|Kafir / Afghanistan||Birth goddess. Goddess of the childbirth but usually separated from the rest of the village. She is invoked by women during labor or menstruation. Her sacred animal is the ram. There is an argument that she is, in fact, a manifestation of the goddess Disani rather than a distinct deity. Also Shuwe....|
|Deities name |
|Kafir / Afghanistan||Creator god. Local deity worshiped in Ashkun villages in southwestern Kafiristan. Also a generic title for deities controlling the natural world and said to live in the mountains. These include Lutkari Panao (fertility), Saramun Panao (health), Plossa Panao (rain and good health), Påśśamun Panao (rain and good health), Indermun Panao (fruit and wine), and Malek Panao (nut trees). These gods were generally worshiped in sacred open spaces where their wooden images were regularly drenched with blood sacrifices....|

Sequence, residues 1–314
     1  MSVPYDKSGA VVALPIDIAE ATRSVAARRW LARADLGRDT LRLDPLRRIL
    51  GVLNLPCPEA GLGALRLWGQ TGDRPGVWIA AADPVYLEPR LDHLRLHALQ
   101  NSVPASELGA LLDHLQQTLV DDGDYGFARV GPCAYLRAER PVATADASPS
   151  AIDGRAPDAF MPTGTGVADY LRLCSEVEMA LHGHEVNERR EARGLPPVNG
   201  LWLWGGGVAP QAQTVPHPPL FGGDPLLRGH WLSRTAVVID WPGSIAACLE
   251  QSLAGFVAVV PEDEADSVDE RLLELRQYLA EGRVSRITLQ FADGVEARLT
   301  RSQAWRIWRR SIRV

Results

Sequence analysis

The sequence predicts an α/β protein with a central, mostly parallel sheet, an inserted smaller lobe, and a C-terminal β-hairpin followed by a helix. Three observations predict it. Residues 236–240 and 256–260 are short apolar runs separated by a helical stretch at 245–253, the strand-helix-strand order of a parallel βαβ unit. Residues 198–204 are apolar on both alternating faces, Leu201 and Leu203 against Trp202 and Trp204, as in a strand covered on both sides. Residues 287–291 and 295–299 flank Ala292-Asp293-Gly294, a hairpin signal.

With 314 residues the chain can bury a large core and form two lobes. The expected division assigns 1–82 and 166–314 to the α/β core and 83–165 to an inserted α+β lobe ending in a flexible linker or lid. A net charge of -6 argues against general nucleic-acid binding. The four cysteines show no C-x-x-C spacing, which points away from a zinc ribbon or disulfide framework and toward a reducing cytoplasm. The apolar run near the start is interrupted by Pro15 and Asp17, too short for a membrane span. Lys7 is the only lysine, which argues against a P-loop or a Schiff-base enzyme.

|Deity name |
|Kafir / Afghanistan||A local deity|
|Deity name |
|Kafir / Afghanistan||Local deity. Known from Ashkun villages in southwestern Kafiristan and perhaps one of the seven Divine PANAO or Paradik brothers....|
|Deity name |
|Afghanistan||Local deity Afghanistan|
|Goddess name |
|Kafir / Afghanistan||Harvest goddess. A littlereported deity, the consort of the war god GISH and daughter of SANU. She controls the harvesting, threshing and winnowing of grain and the safe storage of wheat and butter. She carries a golden winnow and is either depicted in human form or as a goat. Her cult is known chiefly from the village of Pronz in the southern Hindukush where she enjoyed an important sanctuary with stone seats around the icon, part of which reportedly still exists. Wooden statues depict her in human form, nude to the waist. Alternatively, she is perceived as a bird that acts as a messenger. The blood of sacrificial animals was poured over the figure. Also Sulmech; SANU....|